In this sense, it might be the case that the NDP’s opposition to the bill, far from being a support of anti-systemic movements, is instead closer to the opposition evinced by free market liberals and survivalist libertarians. Indeed, a group of “principled conservatives and libertarians” wrote an open letter to Harper, echoing Mulcair’s criticisms by calling the bill “reckless, dangerous and ineffective.” [4] And “a group of prominent executives from many of Canada’s tech companies” also posted an open letter to Harper with the same demand and criticism: “scrap this reckless, dangerous and ineffective legislation.” [5] In the second case, opposition to the bill was framed in market language: the bill would hamper out-of-country trade and imperialist super-exploitation.

It is important to note that Mulcair, who keeps away from grass roots anti-capitalist movements, went out of his way to meet with the business leaders who drafted the second letter, assuring them that the NDP was sympathetic to their concerns. From this we can infer that the NDP’s intention regarding Bill C-51, far from opposing the broad suppression of dissent, is more in line with “fixing” its supposed “vagueness” to secure the civil liberties for those who protest within the proscribed limits of the state as well as, more importantly, making sure the legislation doesn’t over-police market exchange. We can thus imagine a more comprehensive and less “confused” (since apparently, this is its problem) version of the bill that is effective only in making distinctions between “good” and “bad” protestors and, above all, protecting the liberty of the market.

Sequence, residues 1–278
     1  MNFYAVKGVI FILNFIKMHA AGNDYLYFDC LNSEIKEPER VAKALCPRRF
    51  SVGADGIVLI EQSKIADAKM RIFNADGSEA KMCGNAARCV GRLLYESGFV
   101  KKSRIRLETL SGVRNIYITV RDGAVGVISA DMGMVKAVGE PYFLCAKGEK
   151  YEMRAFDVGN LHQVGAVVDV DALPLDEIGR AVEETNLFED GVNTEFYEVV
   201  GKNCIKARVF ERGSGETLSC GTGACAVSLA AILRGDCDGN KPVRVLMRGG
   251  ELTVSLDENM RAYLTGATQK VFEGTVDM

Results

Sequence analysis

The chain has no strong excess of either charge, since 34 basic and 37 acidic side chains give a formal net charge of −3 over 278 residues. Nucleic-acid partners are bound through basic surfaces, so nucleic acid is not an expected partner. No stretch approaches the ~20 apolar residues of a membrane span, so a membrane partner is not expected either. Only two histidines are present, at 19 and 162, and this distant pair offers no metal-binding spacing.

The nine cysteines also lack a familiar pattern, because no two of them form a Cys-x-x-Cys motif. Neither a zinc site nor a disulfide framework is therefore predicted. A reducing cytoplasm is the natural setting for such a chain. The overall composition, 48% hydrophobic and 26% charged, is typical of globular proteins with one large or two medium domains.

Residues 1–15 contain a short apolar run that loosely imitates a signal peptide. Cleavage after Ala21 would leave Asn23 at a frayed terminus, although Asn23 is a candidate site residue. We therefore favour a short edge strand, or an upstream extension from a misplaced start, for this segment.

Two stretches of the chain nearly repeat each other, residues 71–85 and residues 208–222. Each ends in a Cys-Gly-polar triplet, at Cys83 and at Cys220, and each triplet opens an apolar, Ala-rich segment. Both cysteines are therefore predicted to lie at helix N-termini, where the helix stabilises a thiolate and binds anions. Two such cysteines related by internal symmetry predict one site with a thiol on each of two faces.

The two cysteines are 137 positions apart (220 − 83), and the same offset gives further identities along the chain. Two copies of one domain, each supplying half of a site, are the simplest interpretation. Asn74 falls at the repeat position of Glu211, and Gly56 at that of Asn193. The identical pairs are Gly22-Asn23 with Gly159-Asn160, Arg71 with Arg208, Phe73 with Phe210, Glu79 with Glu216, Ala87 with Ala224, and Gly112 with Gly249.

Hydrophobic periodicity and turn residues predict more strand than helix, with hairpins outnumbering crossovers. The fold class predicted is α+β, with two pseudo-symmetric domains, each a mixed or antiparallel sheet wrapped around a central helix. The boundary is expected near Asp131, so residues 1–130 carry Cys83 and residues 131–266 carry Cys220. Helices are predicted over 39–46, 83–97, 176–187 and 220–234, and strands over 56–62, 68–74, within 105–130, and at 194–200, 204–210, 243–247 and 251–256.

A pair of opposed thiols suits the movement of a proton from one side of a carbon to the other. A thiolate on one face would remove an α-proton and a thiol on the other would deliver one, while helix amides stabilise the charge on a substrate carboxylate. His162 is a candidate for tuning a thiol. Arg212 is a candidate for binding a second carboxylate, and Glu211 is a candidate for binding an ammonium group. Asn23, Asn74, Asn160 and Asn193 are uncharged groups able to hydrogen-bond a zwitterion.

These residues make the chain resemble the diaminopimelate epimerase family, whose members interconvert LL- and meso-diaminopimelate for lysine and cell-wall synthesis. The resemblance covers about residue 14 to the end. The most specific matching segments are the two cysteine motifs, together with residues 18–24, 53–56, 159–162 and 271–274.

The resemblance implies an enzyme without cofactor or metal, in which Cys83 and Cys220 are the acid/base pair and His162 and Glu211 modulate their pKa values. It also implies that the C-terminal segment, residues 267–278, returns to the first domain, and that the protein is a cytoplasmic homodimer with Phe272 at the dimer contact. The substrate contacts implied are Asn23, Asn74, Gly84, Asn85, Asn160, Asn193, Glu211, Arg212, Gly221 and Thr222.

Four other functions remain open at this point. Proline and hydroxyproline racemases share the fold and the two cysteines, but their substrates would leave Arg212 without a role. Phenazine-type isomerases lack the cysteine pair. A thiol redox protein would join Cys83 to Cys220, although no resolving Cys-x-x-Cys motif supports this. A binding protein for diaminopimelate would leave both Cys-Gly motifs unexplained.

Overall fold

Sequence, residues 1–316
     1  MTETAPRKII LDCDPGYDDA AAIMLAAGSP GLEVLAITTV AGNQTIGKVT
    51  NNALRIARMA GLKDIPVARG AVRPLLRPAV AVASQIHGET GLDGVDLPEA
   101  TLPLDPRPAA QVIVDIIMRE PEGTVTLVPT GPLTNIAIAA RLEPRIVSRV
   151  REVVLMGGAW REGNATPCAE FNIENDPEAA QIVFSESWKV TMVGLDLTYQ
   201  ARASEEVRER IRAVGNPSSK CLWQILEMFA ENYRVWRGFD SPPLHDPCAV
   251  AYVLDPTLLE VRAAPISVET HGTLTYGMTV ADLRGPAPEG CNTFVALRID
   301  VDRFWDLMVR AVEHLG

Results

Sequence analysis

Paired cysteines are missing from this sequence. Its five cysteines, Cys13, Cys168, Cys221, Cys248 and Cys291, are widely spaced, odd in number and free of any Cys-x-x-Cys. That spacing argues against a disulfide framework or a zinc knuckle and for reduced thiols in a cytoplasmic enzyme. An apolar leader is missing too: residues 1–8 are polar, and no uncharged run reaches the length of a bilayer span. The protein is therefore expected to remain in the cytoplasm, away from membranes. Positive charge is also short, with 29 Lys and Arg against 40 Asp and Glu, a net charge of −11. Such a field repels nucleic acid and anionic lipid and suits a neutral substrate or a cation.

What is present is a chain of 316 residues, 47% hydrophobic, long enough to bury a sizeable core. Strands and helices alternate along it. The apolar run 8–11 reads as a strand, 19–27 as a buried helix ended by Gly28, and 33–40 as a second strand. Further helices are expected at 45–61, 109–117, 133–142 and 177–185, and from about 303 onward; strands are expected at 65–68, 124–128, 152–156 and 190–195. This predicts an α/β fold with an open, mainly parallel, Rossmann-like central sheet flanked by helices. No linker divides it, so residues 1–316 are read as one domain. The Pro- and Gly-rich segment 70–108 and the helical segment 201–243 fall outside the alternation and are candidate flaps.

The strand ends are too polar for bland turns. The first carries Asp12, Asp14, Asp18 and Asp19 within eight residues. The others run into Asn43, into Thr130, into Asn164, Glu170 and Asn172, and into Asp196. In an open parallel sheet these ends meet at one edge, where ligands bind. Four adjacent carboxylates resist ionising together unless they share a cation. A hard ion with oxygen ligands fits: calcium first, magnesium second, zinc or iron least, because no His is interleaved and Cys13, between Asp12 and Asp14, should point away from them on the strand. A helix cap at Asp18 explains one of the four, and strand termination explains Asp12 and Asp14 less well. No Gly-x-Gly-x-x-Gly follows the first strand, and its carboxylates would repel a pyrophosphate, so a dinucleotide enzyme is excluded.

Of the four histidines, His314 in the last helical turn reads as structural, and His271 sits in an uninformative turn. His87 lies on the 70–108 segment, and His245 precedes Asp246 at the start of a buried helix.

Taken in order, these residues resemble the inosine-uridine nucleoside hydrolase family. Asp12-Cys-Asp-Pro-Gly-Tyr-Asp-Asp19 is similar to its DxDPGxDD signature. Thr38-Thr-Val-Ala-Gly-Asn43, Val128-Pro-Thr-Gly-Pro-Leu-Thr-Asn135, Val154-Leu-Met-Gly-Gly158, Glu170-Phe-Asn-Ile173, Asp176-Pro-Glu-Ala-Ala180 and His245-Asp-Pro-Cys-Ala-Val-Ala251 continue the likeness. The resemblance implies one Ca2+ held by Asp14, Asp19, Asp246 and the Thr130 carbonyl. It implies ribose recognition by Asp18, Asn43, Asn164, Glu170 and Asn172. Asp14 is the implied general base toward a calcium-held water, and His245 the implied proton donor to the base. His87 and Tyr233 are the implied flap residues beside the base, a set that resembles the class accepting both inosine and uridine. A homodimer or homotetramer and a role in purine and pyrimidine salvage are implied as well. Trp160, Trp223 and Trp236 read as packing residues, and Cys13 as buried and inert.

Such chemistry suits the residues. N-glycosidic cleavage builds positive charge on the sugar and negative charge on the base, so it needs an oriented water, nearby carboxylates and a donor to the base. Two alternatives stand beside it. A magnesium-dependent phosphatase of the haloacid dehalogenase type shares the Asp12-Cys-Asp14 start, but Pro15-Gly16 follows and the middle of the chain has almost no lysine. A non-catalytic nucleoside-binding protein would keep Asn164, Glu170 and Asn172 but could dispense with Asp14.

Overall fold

The context of securitization

Of course, Bill C-51 is something of a red herring. While it would be ludicrous to dismiss the dangers it represents to organizing (and indeed its implementation should cause all of us to fix our security practices, figure out creative ways to build united fronts, and avoid the kind of messy activism that leads to unnecessary risks) we have to recognize that, as many activists and security experts have already pointed out, this legislation: i) is designed to dampen anti-capitalist opposition, to cast a chill over the progressive camp; ii) is simply a rejigging of already existing security legislation by continuing down the path of securitization that is part and parcel of the War on Terror (which, it must be noted, the NDP does not oppose) and creating a problematic of “oversight” where private information can be legally shared with governmental bodies (which, it also must be noted, is the NDP’s only problem with the Bill—its vagueness on the threat to individual privacy).

In some ways the bill has already succeeded in creating this chill, despite militant anti-capitalist groups such as the Ontario Coalition Against Poverty (among others) correctly noting that we must resist this attempt at fear-mongering. Since increased security and the problem of oversight are not simply empty threats—the fear-mongering contains a core of truth—we have witnessed, in the months following Bill C-51’s implementation, this very chill that OCAP warned against. Activists have dropped out of various organizations, there has been a reticence in adopting a revolutionary line, and those who found it easier to involve themselves in a movement that seemed to enjoy less explicit suppression are now reconsidering their activism. [6] In this context, the NDP’s supposed opposition to the Bill appears like something of a holy grail to those who would like a return to the good old days of activism (which were never very “good” for the most exploited and oppressed strata of society) where they can have their demonstrations and open anti-capitalism without worrying about state terror.